The Witch’s Book of Spirits by Devin Hunter

The Witch’s Book of Spirits
Devin Hunter
Llewellyn, 2017

wp36 witches book of spirits review cover

Review by Lisa McSherry.

A follow up to his previous work (The Witch’s Book of Power, Llewellyn 2016), The Witch’s Book of Spirits is an interesting and provocative look at the many inhabitants of the Spirit World.

Many witches see working with non-human beings as a vital part of their practice. I’m a witch who is not a medium: I do not easily, nor naturally, communicate with spirits. For these reasons, I’ll admit that much of what Hunter discusses has little meaning for me: the author and I don’t share a common understanding of the concepts involved. But many of the witches I know and work with do have more natural relationships with the spirits, and their knowledge helps me to evaluate Hunter’s expertise.

The Witch’s Book of Spirits guides the reader in working with spirits and developing mediumship-related abilities. The information is easily understandable and many exercises. Hunter constantly reminds the reader to take precautions, and provides techniques in how to keep unwanted spirits at bay or how to remove them if they refuse to leave. The chapter “Staying on Top” to be an excellent guide maintaining proper boundaries, and this chapter alone justifies putting this book into my must-read list for newcomers to the Craft.

The book is broken into three parts: “The Familiar Craft,” “The Spirits of the Art,” and “The Grimoire of the 33 Spirits.” At the end of chapters, Hunter includes journal topics to prompt exploration into the topics discussed. “The Familiar Craft” provides a massive amount of information on terminology and processes. Topics include flying, conjuring, safety, mediumship, and planes of existence. In “The Spirits of the Art,” Hunter names four most common types of spirits: angels, the dead, faeries, and demons. Finally, in “The Grimoire of the 33 Spirits or the Book of the VEXNA-KARI,” we go in a completely different direction. Channeled from his familiar Malach, Hunter kicks off this section with humorous personal reflection about the message he received from Malach and then the messages that came through afterward from the 33 Spirits.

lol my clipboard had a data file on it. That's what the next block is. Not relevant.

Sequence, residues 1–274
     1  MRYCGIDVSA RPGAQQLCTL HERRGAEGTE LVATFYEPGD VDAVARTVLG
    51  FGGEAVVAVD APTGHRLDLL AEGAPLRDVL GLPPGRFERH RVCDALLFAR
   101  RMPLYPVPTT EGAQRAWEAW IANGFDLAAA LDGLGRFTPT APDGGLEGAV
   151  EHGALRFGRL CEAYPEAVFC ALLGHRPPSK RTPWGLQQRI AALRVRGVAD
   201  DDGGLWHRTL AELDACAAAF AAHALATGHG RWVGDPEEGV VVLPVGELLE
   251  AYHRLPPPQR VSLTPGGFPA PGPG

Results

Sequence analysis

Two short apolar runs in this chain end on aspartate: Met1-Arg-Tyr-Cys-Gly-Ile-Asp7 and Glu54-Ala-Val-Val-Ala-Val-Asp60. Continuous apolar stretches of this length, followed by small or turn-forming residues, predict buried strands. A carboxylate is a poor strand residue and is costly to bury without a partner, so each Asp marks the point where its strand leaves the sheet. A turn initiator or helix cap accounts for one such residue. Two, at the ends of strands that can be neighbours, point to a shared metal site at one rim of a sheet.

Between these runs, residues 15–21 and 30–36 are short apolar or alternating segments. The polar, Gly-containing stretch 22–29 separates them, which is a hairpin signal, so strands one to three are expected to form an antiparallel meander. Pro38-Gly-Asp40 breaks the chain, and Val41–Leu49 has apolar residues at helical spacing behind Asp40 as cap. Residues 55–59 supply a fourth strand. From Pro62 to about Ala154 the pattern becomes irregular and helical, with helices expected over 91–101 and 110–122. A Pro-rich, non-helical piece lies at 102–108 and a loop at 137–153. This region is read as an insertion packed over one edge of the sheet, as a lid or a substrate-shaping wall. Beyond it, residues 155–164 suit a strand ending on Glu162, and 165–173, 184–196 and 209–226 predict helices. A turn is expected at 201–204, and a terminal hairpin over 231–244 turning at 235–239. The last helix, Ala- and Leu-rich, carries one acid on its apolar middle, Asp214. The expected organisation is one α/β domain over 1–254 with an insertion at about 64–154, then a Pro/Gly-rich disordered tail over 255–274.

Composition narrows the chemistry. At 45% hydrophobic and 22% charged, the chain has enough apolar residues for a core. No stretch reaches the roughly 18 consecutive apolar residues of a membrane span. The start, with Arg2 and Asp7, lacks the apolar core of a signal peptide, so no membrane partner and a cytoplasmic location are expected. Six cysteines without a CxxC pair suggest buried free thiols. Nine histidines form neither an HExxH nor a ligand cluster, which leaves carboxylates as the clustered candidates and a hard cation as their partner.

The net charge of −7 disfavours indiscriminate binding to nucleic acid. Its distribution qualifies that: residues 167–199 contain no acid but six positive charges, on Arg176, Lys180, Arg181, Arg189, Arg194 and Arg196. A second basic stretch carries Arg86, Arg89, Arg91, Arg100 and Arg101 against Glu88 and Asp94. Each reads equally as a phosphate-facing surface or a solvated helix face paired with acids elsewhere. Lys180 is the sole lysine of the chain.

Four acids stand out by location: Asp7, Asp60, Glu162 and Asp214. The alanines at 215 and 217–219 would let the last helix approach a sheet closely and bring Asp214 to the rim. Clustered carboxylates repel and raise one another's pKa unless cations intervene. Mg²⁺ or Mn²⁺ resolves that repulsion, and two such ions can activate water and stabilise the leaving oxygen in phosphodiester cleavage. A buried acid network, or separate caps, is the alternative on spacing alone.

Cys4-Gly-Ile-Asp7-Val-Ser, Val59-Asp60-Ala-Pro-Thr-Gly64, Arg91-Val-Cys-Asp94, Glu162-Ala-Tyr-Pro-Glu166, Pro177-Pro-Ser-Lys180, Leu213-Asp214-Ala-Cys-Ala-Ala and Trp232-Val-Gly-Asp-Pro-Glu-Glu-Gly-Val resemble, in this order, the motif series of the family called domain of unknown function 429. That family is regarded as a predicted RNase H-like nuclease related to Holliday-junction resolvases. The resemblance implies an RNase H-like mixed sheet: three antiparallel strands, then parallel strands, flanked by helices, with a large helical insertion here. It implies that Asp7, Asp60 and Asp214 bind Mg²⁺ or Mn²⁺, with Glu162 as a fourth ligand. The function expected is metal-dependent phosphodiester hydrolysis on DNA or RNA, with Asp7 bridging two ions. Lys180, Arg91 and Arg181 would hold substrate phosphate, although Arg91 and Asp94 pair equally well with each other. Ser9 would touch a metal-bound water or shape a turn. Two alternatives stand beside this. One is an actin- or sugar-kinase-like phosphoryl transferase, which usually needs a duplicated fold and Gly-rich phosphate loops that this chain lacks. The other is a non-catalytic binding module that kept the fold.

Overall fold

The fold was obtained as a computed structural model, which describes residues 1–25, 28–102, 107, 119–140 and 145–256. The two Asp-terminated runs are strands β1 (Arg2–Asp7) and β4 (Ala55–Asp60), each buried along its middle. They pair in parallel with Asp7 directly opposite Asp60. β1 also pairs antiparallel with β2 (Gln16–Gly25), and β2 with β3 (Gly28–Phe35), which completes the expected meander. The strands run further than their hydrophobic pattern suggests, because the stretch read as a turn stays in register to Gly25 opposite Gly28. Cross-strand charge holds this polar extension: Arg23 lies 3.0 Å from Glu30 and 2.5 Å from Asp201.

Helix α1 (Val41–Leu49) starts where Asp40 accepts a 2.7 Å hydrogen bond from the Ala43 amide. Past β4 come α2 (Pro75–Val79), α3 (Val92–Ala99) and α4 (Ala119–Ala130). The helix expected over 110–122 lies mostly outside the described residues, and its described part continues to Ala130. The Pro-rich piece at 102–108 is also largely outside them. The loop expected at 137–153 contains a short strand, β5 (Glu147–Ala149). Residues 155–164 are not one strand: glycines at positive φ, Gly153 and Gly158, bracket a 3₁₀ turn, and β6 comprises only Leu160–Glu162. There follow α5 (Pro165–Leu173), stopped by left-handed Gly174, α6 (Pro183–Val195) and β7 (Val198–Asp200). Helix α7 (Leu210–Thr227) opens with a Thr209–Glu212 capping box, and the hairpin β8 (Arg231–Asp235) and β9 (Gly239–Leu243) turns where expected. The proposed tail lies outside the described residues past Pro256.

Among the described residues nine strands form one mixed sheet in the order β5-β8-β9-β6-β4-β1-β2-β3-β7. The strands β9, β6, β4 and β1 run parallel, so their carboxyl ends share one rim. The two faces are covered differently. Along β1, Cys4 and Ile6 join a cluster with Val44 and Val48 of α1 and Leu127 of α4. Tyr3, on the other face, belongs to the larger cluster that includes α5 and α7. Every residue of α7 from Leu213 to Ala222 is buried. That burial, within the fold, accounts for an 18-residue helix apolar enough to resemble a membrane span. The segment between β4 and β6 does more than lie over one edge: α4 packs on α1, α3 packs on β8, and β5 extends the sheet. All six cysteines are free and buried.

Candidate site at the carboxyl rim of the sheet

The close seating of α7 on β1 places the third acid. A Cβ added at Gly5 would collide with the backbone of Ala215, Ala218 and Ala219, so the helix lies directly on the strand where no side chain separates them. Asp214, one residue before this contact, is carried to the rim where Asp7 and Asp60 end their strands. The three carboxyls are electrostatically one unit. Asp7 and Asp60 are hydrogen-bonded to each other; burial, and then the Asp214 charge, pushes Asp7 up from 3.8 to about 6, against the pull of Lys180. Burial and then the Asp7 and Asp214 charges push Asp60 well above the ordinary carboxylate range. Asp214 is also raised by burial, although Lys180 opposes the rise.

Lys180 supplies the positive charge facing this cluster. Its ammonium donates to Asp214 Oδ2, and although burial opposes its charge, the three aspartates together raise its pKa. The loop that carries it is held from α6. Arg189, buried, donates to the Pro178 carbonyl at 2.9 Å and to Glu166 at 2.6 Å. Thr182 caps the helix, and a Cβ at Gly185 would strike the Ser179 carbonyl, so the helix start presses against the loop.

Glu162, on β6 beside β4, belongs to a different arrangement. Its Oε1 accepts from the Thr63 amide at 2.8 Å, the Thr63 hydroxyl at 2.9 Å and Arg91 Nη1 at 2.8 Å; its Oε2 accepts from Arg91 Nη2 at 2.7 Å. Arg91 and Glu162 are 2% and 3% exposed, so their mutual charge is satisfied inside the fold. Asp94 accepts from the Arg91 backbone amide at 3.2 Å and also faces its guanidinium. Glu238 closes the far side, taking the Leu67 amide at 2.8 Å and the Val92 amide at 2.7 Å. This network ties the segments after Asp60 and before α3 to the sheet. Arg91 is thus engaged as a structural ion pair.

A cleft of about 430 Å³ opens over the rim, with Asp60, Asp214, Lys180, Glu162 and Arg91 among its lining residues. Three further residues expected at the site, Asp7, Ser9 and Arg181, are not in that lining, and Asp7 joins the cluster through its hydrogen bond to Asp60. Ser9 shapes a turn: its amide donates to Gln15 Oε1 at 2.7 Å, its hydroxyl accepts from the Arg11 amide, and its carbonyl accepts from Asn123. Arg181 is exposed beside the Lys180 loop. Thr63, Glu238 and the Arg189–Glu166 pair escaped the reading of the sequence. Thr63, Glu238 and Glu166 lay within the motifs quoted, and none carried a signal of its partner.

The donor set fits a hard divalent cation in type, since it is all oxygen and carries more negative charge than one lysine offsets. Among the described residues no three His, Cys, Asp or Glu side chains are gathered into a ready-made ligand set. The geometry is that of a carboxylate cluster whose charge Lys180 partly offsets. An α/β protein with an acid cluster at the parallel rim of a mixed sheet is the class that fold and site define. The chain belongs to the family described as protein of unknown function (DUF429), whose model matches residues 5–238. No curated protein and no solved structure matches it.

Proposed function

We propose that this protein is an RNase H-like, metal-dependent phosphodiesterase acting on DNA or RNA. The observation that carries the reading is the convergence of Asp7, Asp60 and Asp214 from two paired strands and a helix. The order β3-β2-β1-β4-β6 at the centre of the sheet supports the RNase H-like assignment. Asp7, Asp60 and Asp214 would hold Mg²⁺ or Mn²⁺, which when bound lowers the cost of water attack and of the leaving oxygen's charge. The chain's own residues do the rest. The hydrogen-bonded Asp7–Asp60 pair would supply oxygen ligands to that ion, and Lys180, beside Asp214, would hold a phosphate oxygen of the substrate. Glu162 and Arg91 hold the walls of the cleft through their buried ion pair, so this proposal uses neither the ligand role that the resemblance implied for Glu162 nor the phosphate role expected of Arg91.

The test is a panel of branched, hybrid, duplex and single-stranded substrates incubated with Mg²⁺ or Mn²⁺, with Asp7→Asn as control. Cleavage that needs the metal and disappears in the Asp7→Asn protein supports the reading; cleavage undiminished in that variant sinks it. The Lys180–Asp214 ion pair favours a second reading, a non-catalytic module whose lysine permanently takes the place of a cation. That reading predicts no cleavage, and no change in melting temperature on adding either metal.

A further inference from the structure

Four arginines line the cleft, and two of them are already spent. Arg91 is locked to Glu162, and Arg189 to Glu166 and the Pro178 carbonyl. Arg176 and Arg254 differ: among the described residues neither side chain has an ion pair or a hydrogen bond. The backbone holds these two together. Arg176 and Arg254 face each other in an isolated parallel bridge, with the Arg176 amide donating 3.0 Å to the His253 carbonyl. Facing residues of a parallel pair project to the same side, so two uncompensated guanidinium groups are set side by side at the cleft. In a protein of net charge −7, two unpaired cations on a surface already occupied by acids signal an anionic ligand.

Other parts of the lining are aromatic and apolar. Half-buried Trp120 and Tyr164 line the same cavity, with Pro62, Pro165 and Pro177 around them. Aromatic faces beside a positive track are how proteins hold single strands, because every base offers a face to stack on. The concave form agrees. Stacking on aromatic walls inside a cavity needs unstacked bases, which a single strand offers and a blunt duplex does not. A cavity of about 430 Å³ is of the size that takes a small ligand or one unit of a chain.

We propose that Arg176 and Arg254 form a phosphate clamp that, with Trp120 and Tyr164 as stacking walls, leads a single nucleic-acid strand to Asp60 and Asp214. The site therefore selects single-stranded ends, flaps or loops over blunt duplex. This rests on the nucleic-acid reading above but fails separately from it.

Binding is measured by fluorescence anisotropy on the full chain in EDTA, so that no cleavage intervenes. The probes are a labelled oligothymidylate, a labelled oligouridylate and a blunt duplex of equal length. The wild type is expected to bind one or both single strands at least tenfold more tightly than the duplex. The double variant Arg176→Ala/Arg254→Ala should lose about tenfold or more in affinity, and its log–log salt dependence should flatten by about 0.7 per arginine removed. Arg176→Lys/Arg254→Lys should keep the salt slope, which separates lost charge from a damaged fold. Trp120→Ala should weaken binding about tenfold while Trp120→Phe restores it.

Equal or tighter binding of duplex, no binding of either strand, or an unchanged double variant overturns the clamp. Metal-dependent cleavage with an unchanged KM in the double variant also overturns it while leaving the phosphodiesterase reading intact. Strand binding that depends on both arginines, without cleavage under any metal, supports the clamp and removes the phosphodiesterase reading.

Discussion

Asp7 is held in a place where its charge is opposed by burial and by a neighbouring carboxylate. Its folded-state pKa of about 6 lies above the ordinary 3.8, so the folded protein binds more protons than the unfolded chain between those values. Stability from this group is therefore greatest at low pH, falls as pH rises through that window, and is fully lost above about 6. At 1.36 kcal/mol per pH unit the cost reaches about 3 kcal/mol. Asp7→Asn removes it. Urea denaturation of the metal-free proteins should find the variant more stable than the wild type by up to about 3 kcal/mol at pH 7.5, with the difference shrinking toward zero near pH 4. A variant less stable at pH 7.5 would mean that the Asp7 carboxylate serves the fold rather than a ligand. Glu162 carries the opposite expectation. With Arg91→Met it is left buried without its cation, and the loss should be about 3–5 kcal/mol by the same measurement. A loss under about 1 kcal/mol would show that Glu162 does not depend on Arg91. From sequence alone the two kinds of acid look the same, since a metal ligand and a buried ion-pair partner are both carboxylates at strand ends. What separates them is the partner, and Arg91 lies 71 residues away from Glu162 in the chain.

A little vinegar with all this honey: the author truly believes that he doesn’t do “high” or “ceremonial” magic, even going so far as to say: “Ceremonial magic… is really the magic of the aristocracy.” I would agree with him that CM is very aristocratic and exclusive. Nonetheless, quite a few of his techniques and rituals are pretty darn formal … and ceremonial. I found The Witch’s Book of Spirits to be a useful and challenging work that will likely become a book I recommend frequently.

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